A recent photo of Cambridge, Wimpole Hall
She tended to write in heroic couplets, grave and ultimately Popian in style (polished) but she also has merry and witty stanza poems. like the following:
A New Ballad To the Tune of All You Ladies now At Land &c [by Mrs Eliz Tollet.] To all you sparkling Whiggs at Court, p68v – 69v
To all you sparkling Whiggs at Court
We Torys in the Tower
Declare we mean to Spoile your Sport
By Mustring up our Power.
For tho’ you’vre laid us fast in hold
Yet Beauty bids defiance bold with a fa la &c
And first the fair of Villiers Race*
A Race to Beauty borne,
The freshest bloom, the Sweetest Grace,
Her Matchless face adorne
Our Land no Poet can afford
To praise Her justly but her Lord with a fa la &c
The Neighbouring Realm for beauties fame
Her Antient Right revives,
Nor can She plead a Stronger Claime
Than what Emilia gives,
For Artless Charmes & Native Mirth
Records the Bonny Maids of Perth with a fa la &c
Tho thus Maintain’d with Native Arms,
We call in foreign Aid,
May he be blind to British Charms
That dares resist the Swede
United forces Arm the fair,
Her Lovely Shape & Charming Air with a fa la &c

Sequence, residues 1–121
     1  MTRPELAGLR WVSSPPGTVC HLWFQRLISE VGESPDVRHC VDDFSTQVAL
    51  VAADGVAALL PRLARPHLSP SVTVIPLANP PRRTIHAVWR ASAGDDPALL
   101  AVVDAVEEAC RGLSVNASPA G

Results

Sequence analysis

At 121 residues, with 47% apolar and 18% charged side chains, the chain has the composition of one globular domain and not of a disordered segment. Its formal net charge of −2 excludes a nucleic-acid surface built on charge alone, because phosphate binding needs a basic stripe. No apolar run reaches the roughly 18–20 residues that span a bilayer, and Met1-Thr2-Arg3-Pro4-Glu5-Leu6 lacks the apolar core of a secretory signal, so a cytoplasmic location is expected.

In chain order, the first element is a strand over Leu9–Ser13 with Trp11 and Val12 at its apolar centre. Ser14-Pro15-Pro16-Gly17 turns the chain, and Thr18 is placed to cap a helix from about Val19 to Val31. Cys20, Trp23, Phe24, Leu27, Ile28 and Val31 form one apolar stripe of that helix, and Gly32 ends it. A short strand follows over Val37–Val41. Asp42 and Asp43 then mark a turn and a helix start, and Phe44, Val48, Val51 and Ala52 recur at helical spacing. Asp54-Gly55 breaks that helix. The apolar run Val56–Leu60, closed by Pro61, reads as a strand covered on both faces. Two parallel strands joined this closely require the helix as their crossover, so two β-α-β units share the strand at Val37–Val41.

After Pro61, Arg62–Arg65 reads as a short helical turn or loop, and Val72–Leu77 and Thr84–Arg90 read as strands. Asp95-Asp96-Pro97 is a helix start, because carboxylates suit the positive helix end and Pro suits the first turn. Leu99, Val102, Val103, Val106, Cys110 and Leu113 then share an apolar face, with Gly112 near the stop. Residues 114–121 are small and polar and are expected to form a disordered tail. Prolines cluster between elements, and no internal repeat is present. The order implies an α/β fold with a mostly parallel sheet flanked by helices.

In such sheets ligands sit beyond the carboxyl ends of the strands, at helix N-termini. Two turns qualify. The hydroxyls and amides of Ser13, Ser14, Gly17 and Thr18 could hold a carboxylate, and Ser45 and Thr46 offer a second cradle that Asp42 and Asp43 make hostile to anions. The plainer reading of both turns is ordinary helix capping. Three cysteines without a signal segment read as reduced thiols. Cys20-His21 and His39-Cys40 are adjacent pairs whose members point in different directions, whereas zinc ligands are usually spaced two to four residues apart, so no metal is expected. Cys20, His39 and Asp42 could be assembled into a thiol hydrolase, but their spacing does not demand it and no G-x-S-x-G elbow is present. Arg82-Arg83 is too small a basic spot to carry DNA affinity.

Fair Blackler Conquers by Surprise
And double Arms She bears
For while her form invades our Eyes
Her Musick Charms our Ears
Nature in her has Joyn’d to please
Good Natur’d Witt & Gracefull ease with a fa la &c
Tho Lovely Harley’s early Ray**
Now Shine in Youthfull bloom,
The Genial Influence of the Day
Shall brighen Charms to Come
So does the smiling morne arise
And Radiant Glories paint the Stars with a fa la la &c
Such force drawne up at our Command
We bravely take the feild
Whoever does our Arms withstand
Prepare to dye or Yeild.
Do you Appoint the Time & Place
We dare you bring a better face with a fa la &c
There are problems with the attribution on several grounds and I used to be sure it was by Finch, but no longer am and surmize it’s by Tollett, partly on the strength of the manuscript I found it in which is usually accurate in its attributions where I could check it.